How Texas Got Itself The Highest Teen Birthrate In The Country

It’s not exactly rocket science.

Texas has the highest teen birth rate in the country, and an incredibly high rate of unintended pregnancies. Because that’s what happens when your “pro-life” legislatures cut funding for family planning and tell every woman to be abstinent instead.

Through her divorce and the struggles of raising three girls on her salary at the Sonic Drive-In, there was one thing in Tanya Wilson’s life that came easy.

Every three months, Wilson drove to the Planned Parenthood in her Panhandle hometown to get a birth control shot for free, most times with little or no wait. It was a great relief for a 34-year-old woman who didn’t want any more children but lacked money for a tubal ligation.

Suddenly in January, her relief turned to stress. Wilson was among hundreds of patients across 17 counties who learned that the clinic they relied on for birth control, annual exams, Pap tests, breast cancer screenings, sexually transmitted disease tests and other services was closing because of funding cuts triggered by two little-known provisions tucked into the state’s budget last session.

And no, it’s not as convenient as, “Well she can just go somewhere else.”

She’s been pleading with the town’s only remaining family planning clinic, which has been picking up other patients, to see her. She’s one of many who hasn’t had a Pap test in the past year because it would require driving an hour to the Amarillo Planned Parenthood.

She doesn’t know how she’d get there. Besides the job and the kids, her 1992 Honda Accord smokes, leaks oil and probably couldn’t make the trip.

“I work, and I’ve got three girls already. I don’t need no more kids,” said Wilson, who is being abstinent with her live-in boyfriend because she’s a month late on her shot. “I don’t understand why they would close (the clinic). It’s just caused a lot of grief for a lot of women.”

Well, that’s exactly why they closed the clinic.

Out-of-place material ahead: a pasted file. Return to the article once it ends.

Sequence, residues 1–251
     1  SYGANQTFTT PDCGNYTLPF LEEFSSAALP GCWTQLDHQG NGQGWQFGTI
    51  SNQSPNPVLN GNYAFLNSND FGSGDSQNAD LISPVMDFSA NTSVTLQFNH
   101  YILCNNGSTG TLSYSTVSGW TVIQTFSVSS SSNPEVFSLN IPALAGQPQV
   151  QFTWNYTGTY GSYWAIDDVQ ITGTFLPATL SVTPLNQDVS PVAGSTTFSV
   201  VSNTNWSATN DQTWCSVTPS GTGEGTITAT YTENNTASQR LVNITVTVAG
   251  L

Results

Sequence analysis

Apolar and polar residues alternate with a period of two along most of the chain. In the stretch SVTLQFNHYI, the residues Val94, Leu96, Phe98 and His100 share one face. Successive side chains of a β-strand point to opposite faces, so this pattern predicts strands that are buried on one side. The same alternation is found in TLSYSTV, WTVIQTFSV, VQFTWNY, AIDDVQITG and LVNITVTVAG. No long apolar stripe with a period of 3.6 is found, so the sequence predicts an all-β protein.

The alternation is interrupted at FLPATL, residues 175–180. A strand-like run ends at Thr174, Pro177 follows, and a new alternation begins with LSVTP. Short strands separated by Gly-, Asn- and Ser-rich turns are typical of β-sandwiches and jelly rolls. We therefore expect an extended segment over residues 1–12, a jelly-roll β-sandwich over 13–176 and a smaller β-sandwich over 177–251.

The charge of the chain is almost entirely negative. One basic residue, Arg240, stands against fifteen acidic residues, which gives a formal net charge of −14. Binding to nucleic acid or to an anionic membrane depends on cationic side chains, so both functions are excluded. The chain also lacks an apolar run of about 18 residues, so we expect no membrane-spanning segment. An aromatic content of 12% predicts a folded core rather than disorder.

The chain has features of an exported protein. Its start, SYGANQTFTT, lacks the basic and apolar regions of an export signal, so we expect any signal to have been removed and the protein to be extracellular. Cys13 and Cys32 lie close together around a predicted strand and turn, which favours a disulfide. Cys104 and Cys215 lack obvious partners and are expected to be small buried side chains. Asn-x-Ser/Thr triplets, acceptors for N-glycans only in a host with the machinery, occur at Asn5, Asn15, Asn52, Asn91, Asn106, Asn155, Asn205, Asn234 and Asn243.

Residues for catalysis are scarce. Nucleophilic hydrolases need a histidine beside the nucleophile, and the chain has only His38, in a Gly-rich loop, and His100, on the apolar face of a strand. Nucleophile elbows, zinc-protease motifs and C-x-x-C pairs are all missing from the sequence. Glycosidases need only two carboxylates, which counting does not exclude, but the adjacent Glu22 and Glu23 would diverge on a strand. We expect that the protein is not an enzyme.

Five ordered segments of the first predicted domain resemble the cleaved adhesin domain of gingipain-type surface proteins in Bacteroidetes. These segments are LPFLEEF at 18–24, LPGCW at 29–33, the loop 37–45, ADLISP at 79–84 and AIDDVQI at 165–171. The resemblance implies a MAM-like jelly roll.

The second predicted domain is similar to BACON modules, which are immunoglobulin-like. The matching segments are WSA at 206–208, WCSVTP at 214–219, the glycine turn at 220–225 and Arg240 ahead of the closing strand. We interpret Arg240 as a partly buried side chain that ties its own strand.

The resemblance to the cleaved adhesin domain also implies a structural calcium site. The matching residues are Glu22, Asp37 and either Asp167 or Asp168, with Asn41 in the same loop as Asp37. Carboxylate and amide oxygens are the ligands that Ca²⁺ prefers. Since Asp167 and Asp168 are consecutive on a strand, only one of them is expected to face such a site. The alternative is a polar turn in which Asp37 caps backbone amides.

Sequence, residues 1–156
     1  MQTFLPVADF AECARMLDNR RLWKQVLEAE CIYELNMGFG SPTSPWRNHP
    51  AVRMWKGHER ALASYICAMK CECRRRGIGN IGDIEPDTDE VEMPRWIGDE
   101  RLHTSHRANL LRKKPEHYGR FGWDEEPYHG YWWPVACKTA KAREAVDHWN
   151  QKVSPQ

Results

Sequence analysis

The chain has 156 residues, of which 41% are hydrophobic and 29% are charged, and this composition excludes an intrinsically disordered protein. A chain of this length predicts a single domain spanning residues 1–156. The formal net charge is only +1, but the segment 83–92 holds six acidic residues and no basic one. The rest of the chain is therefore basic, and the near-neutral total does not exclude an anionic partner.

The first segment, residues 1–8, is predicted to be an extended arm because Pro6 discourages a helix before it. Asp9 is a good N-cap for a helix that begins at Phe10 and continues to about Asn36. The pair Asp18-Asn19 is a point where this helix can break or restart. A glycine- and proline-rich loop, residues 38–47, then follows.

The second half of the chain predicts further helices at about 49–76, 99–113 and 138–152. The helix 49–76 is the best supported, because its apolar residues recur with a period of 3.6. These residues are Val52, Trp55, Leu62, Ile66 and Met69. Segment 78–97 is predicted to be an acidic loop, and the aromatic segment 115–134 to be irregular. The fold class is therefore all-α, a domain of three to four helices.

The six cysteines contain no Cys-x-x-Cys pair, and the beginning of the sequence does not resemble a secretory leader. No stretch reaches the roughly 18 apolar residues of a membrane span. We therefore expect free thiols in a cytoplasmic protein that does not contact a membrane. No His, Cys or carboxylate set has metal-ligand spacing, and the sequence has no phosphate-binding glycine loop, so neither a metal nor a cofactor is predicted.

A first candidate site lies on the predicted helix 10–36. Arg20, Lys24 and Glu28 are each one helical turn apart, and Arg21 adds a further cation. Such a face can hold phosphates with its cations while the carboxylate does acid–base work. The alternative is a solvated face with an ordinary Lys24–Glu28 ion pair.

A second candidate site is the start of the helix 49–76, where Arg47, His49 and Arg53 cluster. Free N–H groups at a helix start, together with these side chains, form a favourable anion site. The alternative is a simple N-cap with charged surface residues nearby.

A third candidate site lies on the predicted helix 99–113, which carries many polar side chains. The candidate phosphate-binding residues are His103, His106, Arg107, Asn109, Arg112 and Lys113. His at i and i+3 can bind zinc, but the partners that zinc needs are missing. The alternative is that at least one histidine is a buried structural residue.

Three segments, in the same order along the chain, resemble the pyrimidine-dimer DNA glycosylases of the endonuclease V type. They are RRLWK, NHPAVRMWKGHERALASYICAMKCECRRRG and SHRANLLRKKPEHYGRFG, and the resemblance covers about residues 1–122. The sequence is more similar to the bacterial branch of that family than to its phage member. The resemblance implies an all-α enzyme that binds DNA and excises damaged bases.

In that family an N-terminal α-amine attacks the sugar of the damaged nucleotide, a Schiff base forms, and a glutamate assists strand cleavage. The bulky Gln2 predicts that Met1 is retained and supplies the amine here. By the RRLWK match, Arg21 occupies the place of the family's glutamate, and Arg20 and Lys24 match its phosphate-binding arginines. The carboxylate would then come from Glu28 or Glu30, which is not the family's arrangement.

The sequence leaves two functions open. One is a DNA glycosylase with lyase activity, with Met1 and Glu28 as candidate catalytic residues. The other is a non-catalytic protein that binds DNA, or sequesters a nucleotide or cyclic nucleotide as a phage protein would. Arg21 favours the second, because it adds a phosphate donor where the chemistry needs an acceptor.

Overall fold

But Republican authors of the provisions, Sens. Bob Deuell and Tommy Williams, insist they intended to expand women’s access to health care services and counseling.

“Yes, Senator Deuell is motivated by taking money away from facilities that provide abortions,” said spokesman Todd Gallaher. “That is not the primary motivation.”

We intend to expand women’s access to health care services and counseling by cutting funding to places which provide health care services and counseling. Ok then.

It should be pointed out here that many of the clinics that lost funding don’t perform abortions, but they do run abstinence-promotion and sexual health programs and offer birth control to low-income women — all things which help to lower the abortion rate. But nevermind that little detail.

Oh, and this is coming from the state that the Alan Guttmacher Institute ranked 45th in women’s health care.

Before the changes, fewer than 20 percent of women eligible for state-funded family planning services received them, the health department estimates. That left as many as 1.5 million women without help in avoiding unintended pregnancies.

Now, the situation is even worse. But don’t worry — they haven’t forgotten that women are better off pregnant and “in crisis” than able to prevent that pregnancy in the first place.

The rider sponsored by Williams, of The Woodlands, earmarked $5 million of the state’s family planning funds over the next two years for crisis pregnancy centers. The centers counsel pregnant women about options other than abortion but don’t provide family planning or health services.

The health department estimates about 15,000 women will lose access to family planning because of Williams’ rider.

Special, no? Give more money to CPCs, which routinely lie and mislead their clients in order to push their ideological agenda, and cut off pregnancy-prevention funding so that more women will be forced to go to those CPCs (where, notably, they still won’t be given any comprehensive information about sexual health, and won’t be offered any tools — other than abstinence — to prevent a future unintended pregnancy).

The Panhandle, which five years ago had 17 Planned Parenthood clinics, now has two. Abstinence-only education, which is a profound failure, continues to be pushed throughout the state (and, hell, throughout the country). It’s stuff like this that makes me consider moving to the UK.

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8 comments for “How Texas Got Itself The Highest Teen Birthrate In The Country

  1. Sophist
    April 3, 2006 at 12:16 am